More info: If you meet these criteria and would like to learn more about the type of research conducted within our group, please visit the publications and research sections of the website. If you would like more information, please feel free to contact Note that even if the position you are looking for is not currently being advertised, if you are highly qualified and interested, you should still send your contact information.

How to apply: Send your CV (in PDF format) along with the reasons for your interest in working in this area (in PDF format or in the body of the email) via email to with the subject line: Potential CSB Candidate - <Your Name>.


Specific positions currently available

  • Postdoctoral fellow position
  • Ideal candidates will hold a PhD in Computational Biology (bioinformatics, biostatistics, mathematical modeling of biological system), Physics (computational, quantum, particle, theoretical) or Applied Mathematics, possess a solid command of programming (python, octave and/or C, etc.), have an interest in neuroinflammation and neurodegeneration, and have excellent written English skills. No experience with biology is required or expected, although it is a bonus.
  • Graduate (MSc and PhD) student positions
  • Supervision of graduate students performing research at the CSB is M.Sc. students through the Biological Sciences, - Research, or Experimental Psychology graduate programs, or Ph.D. students through the Pharmaceutical Sciences graduate program as well. If you would like to register in a different program at NSU while still working in the CSB lab, please send a request and co-supervision through the Department of your choice can be arranged, within reason. Applications should be received no later than end of July for a September start date, and no later than end of November for a January start date.
  • Undergraduate research assistant positions
  • If your cumulative GPA is above 3/4 and you are interested in the research being conducted in our group and you have programming experience contact Dr. Craddock at to enquire about possible undergraduate research assistantship positions available within the group.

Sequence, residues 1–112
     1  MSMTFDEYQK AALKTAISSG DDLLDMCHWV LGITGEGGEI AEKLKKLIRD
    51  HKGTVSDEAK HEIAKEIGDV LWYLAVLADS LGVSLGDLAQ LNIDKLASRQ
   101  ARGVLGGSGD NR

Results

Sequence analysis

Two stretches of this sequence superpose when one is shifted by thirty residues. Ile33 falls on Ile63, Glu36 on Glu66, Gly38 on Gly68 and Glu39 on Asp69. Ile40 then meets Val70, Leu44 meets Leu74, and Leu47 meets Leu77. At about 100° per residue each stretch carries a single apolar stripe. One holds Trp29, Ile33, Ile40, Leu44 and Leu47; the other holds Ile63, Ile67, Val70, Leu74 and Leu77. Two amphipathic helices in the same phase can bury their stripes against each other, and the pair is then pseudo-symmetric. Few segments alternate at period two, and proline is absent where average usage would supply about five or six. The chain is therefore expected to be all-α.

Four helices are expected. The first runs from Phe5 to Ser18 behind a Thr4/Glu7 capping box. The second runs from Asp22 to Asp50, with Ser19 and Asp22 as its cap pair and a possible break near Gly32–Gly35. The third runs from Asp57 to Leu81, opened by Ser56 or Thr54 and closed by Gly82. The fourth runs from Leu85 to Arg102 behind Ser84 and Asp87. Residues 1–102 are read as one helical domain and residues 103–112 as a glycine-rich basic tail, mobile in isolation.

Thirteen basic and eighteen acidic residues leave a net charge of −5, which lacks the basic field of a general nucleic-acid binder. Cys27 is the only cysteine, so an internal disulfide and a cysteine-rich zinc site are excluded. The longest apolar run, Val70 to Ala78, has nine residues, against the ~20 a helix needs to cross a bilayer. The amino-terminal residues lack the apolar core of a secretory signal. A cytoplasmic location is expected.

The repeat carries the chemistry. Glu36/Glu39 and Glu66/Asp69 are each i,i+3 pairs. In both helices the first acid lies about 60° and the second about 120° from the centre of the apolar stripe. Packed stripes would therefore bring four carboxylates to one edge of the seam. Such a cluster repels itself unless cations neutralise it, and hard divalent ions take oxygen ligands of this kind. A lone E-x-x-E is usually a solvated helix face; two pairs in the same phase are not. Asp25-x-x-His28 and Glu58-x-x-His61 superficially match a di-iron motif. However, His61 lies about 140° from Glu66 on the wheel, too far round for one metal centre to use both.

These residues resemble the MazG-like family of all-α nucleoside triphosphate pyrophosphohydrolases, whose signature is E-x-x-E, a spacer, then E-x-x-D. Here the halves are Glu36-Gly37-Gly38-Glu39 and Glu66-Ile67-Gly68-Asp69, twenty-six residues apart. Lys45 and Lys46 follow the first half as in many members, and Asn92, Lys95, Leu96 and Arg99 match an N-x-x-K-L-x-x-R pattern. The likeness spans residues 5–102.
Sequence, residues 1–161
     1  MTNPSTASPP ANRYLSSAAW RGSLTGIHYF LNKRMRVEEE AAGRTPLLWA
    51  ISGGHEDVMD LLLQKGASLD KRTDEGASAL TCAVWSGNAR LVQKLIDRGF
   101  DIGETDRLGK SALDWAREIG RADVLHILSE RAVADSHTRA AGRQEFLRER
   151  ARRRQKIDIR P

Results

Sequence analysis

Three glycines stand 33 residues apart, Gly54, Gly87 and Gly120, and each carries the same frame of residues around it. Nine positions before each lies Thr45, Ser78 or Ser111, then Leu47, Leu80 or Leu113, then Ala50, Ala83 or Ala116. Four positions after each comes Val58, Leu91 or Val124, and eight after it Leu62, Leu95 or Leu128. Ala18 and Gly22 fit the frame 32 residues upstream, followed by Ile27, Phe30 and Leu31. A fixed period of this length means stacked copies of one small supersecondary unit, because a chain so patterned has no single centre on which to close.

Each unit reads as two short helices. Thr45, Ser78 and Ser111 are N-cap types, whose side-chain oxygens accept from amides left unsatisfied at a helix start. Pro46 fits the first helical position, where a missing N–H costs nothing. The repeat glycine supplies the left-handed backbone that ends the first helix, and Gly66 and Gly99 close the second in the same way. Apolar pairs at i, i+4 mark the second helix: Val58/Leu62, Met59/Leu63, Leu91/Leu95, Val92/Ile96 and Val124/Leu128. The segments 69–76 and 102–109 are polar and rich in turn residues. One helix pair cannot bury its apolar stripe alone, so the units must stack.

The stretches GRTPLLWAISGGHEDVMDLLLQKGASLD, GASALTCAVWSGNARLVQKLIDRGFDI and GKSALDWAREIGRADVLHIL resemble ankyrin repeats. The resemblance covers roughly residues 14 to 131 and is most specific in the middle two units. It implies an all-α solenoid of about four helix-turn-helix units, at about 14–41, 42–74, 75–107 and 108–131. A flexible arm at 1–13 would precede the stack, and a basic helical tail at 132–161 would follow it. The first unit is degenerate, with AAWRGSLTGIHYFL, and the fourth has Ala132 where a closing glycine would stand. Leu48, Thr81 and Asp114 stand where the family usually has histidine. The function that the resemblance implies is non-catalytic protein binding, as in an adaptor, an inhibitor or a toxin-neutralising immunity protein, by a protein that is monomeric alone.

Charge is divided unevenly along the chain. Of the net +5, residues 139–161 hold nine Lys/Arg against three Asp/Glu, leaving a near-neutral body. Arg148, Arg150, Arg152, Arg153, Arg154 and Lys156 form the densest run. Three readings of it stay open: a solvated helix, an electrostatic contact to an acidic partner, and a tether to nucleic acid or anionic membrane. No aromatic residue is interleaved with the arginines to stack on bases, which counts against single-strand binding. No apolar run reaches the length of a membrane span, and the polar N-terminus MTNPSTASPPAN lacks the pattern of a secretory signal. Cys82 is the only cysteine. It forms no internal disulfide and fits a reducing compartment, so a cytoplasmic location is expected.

Meet Our Team

Travis Craddock headshot

Travis Craddock, Ph.D.

Director of the Clinical Systems Biology Group

Associate Professor, Department of Psychology & Neuroscience

Associate Professor, Department of Computer Science

Travis J.A. Craddock, Ph.D. is an Associate Professor in the Departments of Psychology & Neuroscience, Computer Science and Clinical Immunology at Nova Southeastern University. He serves as the Director of the Clinical Systems Biology Group at the Institute for Neuro-Immune Medicine where he applies computational systems biology and biophysics methods towards the purpose of identifying novel treatments for complex chronic illness involving neuroinflammation. Dr. Craddock received his Ph.D. in the field of biophysics at the University of Alberta where his graduate research activities focused on subneural biomolecular information processing, nanoscale neuroscience descriptions of memory consciousness, and cognitive dysfunction in neurodegenerative disorders.

Dr. Craddock's current research activities are focused on using a theory driven approach to understand the underlying molecular regulation of chronic illness resulting from exposure to neurotoxins, such as anesthesia and nerve agents, in order to improve diagnosis and putative treatment strategies.

Current areas of academic focus:

  • Cellular information processes and molecular neuroscience
  • Biophysics of neuroinflammatory/neurodegenerative diseases: Alzheimer's, Parkinson's, Gulf War illness (GWI) and myaglic encephalomyelitis/chronic fatigue syndrome (ME/CFS)
  • Systems neurobiology
  • Quantum neurobiology

David Quesada, Ph.D.
Computational Neuroscientist
Associate Professor, College of Psychology

Jonathan Herrera
Research Database Manager

Research Assistants

  • Rill Friedman

Research Volunteers

  • Isadora De Abreu
  • Modeline Jean Pierre
  • Divya Komandooru
  • Nandan Shastry
  • Caleb Siguenza
  • Esha Sultana

Research Highlights